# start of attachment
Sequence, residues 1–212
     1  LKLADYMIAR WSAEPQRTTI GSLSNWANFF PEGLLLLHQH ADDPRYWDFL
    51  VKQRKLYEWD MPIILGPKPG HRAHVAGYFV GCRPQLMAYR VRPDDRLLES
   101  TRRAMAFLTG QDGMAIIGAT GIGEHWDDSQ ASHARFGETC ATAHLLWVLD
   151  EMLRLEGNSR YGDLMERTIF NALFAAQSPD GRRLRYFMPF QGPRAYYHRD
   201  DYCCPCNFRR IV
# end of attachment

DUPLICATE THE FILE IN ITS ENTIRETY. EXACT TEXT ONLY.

Sequence, residues 1–212
     1  LKLADYMIAR WSAEPQRTTI GSLSNWANFF PEGLLLLHQH ADDPRYWDFL
    51  VKQRKLYEWD MPIILGPKPG HRAHVAGYFV GCRPQLMAYR VRPDDRLLES
   101  TRRAMAFLTG QDGMAIIGAT GIGEHWDDSQ ASHARFGETC ATAHLLWVLD
   151  EMLRLEGNSR YGDLMERTIF NALFAAQSPD GRRLRYFMPF QGPRAYYHRD
   201  DYCCPCNFRR IV